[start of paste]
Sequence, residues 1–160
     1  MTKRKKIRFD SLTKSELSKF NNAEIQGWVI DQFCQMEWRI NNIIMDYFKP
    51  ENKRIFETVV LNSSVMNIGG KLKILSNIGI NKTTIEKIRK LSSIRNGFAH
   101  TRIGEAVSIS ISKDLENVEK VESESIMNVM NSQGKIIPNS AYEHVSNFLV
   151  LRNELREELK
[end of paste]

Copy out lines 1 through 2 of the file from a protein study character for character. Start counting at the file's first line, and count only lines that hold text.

Sequence, residues 1–160
     1  MTKRKKIRFD SLTKSELSKF NNAEIQGWVI DQFCQMEWRI NNIIMDYFKP